Ughamadu said the governors wanted NNPC to transfer another N40 billion to them after NNPC gave FAAC N147 billion — N35 billion more than the N112 billion that the corporation had agreed with the allocation committee to give monthly.
The Federal Account Allocation Committee (FAAC) has again clashed with the Nigerian National Petroleum Corporation (NNPC) over how much the state-owned oil corporation is to remit to it.
Ndu Ughamadu, Group General Manager, Public Affairs of the Corporation, said it gave FAAC N35billion extra from funds reserved for settling cash calls owed its Joint Venture partners, because of the posture of the governors.
In a statement released in response to the stalemate at Wednesday’s revenue sharing meeting between the three organs of the government, Ughamadu said the governors wanted NNPC to transfer another N40 billion to them after NNPC gave FAAC N147 billion — N35 billion more than the N112 billion that the corporation had agreed with the allocation committee to give monthly.
He said that the monthly remittance will be paid subject to sufficient funds from sales of domestic crude oil allocation for the corresponding month after meeting cash call obligations on joint venture operations, as well as deductions of petrol - cost under recovery and pipeline maintenance. He regretted that the governors were demanding an extra N40billion, saying: “It was unfortunate, given the fact that NNPC is set to exit the cash call phenomenon.”
On May 16, the Nigerian Governors Forum (NGF) met with Vice President Yemi Osinbajo and other executives. At the end of that meeting, they ordered NNPC to give an audit of its under-recovery expenditures on subsidy and the actual value of Joint Venture cash calls. Speaking after the meeting, Abdulaziz Yari, Governor of Zamfara and Chairman of NGF, had said: “On the issue of cost recovery otherwise called subsidy, the issue of subsidy resurfaced again after the efforts of Mr. President. Before now the oil was $40 per barrel and now it is about $78 a barrel, so therefore they are depending largely on importation.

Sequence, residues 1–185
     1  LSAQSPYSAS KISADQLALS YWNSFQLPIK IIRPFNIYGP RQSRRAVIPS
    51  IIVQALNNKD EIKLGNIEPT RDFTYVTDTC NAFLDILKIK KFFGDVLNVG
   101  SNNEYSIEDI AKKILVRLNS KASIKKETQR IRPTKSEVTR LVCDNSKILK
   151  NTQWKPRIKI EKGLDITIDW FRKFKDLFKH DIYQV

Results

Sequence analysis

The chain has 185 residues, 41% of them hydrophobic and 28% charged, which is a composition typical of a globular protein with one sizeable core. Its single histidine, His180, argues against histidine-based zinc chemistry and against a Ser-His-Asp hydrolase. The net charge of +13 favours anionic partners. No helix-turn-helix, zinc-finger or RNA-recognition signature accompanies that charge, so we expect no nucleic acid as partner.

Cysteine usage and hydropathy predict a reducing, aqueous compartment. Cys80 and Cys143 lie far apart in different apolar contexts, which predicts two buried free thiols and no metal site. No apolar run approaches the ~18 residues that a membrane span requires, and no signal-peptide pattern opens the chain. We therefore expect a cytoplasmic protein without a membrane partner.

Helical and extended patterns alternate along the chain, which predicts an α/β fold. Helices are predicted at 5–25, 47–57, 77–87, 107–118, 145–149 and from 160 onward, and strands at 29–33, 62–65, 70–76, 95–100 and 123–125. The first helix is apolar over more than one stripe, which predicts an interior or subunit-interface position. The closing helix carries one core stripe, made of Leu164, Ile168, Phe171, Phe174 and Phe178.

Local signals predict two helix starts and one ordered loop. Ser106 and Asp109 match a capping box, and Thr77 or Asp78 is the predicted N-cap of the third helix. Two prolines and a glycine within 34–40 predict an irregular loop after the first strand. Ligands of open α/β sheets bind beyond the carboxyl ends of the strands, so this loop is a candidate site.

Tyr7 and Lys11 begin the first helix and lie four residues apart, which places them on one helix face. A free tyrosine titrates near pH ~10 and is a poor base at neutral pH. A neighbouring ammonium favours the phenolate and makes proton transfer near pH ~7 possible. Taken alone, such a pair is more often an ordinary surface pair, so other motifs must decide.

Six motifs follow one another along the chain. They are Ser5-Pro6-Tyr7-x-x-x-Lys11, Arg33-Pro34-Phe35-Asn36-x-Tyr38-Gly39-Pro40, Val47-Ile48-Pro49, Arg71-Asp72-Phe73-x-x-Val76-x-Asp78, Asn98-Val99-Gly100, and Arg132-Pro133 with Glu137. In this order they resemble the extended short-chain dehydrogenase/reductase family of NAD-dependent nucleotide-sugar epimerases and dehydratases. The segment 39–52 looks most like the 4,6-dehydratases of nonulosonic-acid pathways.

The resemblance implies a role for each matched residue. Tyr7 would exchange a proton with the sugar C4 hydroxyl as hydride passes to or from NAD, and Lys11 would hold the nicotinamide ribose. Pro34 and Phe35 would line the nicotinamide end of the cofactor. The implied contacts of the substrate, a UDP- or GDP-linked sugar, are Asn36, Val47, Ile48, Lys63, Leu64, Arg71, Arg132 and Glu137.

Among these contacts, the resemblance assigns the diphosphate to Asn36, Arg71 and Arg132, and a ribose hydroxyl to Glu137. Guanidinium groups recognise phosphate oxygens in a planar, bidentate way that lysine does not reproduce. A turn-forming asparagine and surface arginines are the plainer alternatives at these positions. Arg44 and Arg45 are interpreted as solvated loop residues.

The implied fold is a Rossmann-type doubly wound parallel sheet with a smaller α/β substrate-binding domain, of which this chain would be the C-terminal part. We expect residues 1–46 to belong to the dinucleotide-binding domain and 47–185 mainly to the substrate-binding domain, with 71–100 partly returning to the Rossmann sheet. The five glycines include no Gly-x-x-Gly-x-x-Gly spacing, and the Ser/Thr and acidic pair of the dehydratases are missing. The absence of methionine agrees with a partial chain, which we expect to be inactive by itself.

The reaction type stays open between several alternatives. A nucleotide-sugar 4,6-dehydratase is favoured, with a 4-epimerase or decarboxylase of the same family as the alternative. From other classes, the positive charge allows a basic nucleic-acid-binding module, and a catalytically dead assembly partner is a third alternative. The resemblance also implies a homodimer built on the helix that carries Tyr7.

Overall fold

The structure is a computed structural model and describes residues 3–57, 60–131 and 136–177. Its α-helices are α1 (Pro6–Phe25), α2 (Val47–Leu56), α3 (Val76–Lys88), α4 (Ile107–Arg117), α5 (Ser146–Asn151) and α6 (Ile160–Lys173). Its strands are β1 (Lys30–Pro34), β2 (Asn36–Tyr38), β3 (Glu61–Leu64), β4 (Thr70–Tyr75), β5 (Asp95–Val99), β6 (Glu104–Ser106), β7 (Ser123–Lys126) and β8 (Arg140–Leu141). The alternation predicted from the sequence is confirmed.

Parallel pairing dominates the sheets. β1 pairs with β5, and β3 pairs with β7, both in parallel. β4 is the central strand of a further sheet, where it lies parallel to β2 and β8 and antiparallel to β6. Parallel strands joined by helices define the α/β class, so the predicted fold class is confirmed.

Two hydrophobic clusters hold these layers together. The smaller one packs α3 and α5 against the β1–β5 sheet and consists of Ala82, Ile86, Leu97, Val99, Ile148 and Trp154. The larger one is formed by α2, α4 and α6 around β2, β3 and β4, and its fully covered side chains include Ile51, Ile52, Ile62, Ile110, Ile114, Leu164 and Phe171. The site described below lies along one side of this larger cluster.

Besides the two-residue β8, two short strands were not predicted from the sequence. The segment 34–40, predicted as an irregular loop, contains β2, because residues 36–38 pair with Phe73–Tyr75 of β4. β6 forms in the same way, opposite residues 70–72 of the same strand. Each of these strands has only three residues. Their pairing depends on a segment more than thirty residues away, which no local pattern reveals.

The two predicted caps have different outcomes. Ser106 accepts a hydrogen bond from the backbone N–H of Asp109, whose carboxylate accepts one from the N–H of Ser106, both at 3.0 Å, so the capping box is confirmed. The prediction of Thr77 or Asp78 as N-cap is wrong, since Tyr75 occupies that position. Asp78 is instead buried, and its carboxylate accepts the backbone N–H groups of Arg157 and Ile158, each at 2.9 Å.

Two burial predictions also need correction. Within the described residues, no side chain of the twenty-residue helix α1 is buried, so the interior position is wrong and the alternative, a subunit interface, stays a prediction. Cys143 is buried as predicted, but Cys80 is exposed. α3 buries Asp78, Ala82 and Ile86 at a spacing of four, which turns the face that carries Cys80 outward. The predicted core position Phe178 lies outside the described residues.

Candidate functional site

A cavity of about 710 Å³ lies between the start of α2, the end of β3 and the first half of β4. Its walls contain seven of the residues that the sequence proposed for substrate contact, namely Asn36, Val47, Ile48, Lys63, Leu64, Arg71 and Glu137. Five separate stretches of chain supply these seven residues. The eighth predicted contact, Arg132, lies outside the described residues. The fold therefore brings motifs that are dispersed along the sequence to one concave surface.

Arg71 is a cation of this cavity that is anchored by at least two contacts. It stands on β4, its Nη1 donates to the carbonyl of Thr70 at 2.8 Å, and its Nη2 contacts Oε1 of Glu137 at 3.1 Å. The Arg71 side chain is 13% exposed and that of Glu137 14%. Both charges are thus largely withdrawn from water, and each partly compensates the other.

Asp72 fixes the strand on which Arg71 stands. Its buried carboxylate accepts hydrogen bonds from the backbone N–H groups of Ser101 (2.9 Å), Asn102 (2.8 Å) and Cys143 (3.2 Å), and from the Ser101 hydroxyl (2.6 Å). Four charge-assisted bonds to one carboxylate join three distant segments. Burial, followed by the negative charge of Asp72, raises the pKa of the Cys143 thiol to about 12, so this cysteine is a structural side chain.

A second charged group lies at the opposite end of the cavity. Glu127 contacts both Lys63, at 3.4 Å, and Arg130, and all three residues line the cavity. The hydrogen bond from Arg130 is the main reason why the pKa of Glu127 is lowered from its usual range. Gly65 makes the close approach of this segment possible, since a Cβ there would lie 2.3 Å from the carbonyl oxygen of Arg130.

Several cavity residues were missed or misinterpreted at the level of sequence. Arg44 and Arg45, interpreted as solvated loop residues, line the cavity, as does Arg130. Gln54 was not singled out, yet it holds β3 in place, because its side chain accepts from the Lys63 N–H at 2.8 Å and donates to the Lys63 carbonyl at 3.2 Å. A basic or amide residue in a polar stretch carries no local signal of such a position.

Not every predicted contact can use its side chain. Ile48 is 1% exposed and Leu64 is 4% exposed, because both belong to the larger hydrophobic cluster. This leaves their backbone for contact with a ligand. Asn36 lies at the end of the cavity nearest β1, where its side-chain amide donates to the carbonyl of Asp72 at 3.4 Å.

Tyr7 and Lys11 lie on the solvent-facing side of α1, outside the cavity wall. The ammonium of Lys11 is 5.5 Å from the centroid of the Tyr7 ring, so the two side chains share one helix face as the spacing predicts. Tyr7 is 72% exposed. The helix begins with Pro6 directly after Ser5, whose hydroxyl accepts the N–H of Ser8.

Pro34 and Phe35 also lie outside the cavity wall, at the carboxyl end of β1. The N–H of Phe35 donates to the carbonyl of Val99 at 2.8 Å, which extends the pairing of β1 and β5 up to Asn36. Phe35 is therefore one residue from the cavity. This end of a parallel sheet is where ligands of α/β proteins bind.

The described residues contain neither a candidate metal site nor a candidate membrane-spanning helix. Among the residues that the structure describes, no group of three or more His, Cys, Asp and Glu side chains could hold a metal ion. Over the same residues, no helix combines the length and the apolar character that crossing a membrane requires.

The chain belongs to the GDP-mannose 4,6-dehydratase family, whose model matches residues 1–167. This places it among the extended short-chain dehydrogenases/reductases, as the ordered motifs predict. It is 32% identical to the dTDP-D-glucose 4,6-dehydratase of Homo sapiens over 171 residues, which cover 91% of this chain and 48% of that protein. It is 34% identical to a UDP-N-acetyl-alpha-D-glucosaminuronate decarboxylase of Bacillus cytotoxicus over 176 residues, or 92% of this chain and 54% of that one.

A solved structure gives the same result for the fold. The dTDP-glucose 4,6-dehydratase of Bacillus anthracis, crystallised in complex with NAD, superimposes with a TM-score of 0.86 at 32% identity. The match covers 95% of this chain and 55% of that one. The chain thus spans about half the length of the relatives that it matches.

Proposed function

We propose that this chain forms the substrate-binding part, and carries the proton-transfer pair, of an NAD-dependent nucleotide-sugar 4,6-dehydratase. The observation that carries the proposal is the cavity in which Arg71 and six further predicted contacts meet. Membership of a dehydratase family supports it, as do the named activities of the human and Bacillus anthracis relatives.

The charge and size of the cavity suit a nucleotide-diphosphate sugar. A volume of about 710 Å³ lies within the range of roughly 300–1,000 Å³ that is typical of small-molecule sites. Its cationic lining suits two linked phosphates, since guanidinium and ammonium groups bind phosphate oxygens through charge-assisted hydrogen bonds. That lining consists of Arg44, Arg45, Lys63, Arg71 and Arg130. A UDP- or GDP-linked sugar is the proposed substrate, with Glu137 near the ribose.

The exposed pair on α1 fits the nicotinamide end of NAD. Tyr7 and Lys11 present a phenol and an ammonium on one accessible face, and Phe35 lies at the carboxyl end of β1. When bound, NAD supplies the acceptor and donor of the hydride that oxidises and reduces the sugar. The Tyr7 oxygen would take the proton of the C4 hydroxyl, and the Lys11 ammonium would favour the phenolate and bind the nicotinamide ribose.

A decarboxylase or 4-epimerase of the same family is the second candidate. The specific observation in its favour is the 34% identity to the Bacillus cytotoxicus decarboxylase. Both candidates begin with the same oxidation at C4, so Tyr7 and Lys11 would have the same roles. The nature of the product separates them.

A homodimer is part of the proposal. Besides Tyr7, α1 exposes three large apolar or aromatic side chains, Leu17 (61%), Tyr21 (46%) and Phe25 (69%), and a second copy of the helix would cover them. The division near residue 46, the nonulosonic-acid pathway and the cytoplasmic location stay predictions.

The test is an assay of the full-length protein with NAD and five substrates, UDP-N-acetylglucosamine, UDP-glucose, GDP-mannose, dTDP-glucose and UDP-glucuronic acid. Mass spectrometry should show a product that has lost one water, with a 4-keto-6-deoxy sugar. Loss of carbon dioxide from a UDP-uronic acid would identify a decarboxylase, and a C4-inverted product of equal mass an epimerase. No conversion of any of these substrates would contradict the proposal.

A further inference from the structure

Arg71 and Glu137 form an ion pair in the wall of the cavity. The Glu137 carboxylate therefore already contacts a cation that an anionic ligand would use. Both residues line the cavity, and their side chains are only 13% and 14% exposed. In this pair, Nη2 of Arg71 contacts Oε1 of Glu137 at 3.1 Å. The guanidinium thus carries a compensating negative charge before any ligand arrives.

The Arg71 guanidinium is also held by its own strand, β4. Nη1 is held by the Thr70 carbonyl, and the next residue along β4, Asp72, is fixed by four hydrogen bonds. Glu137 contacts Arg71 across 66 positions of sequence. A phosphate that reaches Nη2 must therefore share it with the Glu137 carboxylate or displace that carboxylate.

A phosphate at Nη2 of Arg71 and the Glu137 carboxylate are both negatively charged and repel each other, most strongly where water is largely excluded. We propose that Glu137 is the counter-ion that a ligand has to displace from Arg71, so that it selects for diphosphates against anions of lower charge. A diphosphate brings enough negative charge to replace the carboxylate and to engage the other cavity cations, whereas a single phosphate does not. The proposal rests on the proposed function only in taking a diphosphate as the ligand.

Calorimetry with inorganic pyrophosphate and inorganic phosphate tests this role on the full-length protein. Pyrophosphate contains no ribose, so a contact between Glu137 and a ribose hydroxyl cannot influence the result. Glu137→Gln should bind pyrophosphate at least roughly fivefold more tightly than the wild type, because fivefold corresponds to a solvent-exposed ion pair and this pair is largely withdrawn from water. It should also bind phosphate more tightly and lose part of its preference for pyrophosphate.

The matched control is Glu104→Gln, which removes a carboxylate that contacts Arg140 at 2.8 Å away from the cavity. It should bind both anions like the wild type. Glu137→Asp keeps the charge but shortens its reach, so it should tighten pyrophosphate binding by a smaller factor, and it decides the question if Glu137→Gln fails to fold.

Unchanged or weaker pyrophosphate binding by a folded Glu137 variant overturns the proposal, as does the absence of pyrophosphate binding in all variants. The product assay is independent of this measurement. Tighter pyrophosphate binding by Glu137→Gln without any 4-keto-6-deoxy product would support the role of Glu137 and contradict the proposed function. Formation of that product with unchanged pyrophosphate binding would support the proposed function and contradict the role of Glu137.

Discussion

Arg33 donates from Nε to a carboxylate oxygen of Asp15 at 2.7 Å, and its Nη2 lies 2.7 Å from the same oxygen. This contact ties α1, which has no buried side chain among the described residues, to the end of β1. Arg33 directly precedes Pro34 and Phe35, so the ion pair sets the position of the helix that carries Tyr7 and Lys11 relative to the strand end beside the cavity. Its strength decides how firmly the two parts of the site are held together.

“Therefore, the cost is higher than what they are selling at the filling station and they need more money. When there was no cost recovery, the NNPC clearly gave us the number of 33 and 35 million litres per day as the consumption of Nigeria.
“But now that with the new regime of cost recovery, NNPC is claiming daily consumption of 60 and 65 million litres per day, which we rejected and said no.
“So many of our international partners are saying that even if we are feeding Nigeria, Cameroon, Ghana and Niger, we cannot consume more than 35 million litters per day. So we are wondering where the 60 million litres is coming from. We are trying to sort that one out, that one is not yet resolved.
“At the same time, NNPC is making payment on behalf of Nigeria on cash-call contribution and also the NNPC is making payment of cash call arrears of Nigeria’s contribution. Our main concern is that in 2015, they said about $16.8 billion, which is outstanding, was not paid by the last administration and they negotiated it down to $5.1 billion according to them."